International business leader, philanthropist, educator returns to roots to lead Northland College
The Northland College Board of Trustees has named an international business leader, philanthropist and educator Marvin J. Suomi, of Los Angeles, California, as its 14th president. He will take office July 1.
“Marvin is one of those rare individuals whose achievements grant him access to most any endeavor anywhere in the world,” said Trustee Chad Dayton, who led the presidential search committee. “We are fortunate that he will apply his skills and energy to shaping the next step in Northland College’s growth.”
Northland College is a 125-year-old liberal arts college, located in Ashland, Wisconsin, population 8,179, on the shore of Lakes Superior. With 650 students, the College has gained a reputation for its environmental mission and experiential curriculum, linking students and teachers to the natural world, businesses and organizations, and the community.
Suomi, who was born in Wakefield, Michigan, located fifty miles east of campus, led Kajima International for thirty-seven years of extraordinary growth. As president, CEO, and chairman of Kajima, he oversaw the operations of one of the largest real estate and construction companies in the world, developing projects as diverse as a large-scale campus development at Central Florida University to a high-tech research park in Israel. One of Suomi’s projects, AT&T Park in San Francisco, was the first major league baseball park to become LEED Gold certified.
Suomi said he would be making the move from his home in Los Angeles to Ashland to be a part of a truly distinctive institution. Northland College recently earned a STARS Gold rating in recognition of its environmental and sustainability achievements from the Association for the Advancement of Sustainability in Higher Education (AASHE) and was named as one of the top-ten undergraduate colleges in the world in sustainability, rating second in the academic category, focused on curriculum and research.
“I have real optimism about the future of Northland College and am determined to ensure its viability as a leader on an international stage,” Suomi said. “Northland College has shaped a curriculum and a culture sought after by a new generation of scholars and entrepreneurs.”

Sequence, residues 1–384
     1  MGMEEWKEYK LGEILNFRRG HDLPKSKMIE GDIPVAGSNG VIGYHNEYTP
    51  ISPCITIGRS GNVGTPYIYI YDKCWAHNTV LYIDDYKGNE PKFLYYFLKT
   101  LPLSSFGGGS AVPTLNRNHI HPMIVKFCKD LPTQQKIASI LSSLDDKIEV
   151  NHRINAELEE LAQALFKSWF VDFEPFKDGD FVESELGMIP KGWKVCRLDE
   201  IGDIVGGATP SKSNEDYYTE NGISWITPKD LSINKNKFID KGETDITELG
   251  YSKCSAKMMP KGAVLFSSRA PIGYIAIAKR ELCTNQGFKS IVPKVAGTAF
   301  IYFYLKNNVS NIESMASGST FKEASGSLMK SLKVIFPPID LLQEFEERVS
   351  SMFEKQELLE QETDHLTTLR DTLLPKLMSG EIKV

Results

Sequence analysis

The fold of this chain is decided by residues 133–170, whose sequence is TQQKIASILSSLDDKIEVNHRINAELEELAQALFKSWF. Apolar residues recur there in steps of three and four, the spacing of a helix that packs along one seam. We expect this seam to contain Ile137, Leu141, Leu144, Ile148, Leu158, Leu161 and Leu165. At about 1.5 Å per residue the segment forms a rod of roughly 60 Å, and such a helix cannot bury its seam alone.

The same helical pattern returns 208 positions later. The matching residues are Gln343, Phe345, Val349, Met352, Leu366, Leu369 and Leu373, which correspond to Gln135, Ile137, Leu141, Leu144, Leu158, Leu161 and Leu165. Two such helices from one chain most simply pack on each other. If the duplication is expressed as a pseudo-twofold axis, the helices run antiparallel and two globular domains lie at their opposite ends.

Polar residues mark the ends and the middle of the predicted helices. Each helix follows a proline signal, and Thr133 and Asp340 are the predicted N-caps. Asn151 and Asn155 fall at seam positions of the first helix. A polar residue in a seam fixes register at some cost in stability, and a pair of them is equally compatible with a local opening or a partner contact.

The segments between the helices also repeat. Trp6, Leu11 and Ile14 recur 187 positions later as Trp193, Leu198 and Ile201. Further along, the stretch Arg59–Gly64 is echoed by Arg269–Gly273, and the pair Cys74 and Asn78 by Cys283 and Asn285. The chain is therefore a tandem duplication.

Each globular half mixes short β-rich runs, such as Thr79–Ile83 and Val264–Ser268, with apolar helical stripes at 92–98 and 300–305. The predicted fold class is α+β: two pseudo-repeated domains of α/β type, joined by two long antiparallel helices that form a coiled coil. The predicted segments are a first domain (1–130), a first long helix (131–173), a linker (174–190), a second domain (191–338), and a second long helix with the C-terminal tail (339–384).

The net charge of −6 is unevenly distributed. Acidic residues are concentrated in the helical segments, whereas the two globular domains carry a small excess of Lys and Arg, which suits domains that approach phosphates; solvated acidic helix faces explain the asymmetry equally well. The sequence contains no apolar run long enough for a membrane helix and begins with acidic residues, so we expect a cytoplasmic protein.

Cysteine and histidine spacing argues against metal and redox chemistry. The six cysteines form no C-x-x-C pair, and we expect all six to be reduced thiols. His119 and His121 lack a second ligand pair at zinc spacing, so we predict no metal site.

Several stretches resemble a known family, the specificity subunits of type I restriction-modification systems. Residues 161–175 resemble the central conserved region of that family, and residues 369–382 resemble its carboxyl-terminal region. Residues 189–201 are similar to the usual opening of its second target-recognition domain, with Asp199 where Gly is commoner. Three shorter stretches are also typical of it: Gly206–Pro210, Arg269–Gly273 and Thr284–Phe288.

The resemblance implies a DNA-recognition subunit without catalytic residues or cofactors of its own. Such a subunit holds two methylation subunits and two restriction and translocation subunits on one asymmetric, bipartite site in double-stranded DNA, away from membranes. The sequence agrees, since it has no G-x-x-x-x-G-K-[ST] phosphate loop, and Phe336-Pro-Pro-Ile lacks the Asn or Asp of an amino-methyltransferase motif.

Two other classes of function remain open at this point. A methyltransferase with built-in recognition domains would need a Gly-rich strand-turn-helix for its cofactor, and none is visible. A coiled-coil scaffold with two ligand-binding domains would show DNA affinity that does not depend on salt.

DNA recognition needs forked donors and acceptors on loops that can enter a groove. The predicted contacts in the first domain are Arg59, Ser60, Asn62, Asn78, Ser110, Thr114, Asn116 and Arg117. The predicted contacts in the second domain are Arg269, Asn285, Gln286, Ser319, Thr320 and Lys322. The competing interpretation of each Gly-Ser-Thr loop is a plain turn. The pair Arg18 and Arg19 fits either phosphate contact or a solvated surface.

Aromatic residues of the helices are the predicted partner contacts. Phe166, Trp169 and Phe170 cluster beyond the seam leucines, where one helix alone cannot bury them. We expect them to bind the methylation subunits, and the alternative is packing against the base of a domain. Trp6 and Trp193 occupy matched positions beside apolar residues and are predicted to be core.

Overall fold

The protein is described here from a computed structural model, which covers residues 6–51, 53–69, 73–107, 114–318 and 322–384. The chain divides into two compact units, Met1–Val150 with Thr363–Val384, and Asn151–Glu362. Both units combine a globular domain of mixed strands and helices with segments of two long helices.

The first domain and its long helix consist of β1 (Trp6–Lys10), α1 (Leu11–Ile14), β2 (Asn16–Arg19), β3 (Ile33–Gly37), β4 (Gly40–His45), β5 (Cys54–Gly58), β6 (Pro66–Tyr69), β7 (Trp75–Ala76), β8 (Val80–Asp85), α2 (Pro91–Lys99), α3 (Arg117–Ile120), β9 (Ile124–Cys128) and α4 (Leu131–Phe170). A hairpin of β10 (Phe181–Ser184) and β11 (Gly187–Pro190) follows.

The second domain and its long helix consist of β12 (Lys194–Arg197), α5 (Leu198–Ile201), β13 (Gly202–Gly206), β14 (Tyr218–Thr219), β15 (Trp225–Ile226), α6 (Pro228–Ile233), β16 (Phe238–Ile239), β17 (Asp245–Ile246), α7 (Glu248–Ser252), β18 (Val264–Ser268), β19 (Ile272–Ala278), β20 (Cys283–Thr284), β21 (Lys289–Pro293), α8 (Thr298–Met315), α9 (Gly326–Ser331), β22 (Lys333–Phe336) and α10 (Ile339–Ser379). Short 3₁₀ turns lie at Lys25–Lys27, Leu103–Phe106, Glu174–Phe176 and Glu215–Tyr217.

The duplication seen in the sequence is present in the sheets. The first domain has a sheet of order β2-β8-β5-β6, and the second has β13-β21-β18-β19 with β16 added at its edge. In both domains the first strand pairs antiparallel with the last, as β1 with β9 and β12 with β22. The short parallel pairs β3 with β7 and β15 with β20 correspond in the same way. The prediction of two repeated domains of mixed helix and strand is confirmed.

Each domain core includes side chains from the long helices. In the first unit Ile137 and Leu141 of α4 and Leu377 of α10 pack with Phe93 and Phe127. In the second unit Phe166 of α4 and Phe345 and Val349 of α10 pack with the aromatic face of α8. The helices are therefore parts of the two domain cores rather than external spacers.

Throughout his career, Suomi has committed his energies to higher education. He has served on the boards of more than a dozen educational institutions—from Allegheny College in Meadville, Pennsylvania, to the California Science Center in Los Angeles, California. He earned his undergraduate and graduate degrees in East Asian Studies from the University of Michigan and Princeton University.
“I am the product of a liberal education,” Suomi said. “True to its name, my education afforded me liberating opportunities that I could never have imagined as a boy from the Upper Peninsula of Michigan.”
Suomi named as a career highlight, his position as a Visiting Fellow with the Woodrow Wilson National Fellowship Foundation, teaching everything from the work of 17th century Japanese poets to the impact of aging populations.
The Council of Independent Colleges awarded Suomi the Philanthropist of the Year in 2007 for his distinguished service and generosity. In 2009, the Republic of Finland conferred the honor of Knight, First Class to Suomi, (whose last name is literally the Finnish word for “Finland”) recognizing his work in advancing educational opportunities in the US and abroad.
The Northland College presidential search committee of trustees, faculty, staff, alumni, and student representatives conducted a six-month national search to replace outgoing President Michael Miller. Miller led Northland for the last eight years through an unprecedented period of donor support and curriculum development before announcing his retirement last fall.
“I am genuinely excited about the prospect of becoming the next president of Northland College and building on the accomplishments of Mike Miller,” Suomi said.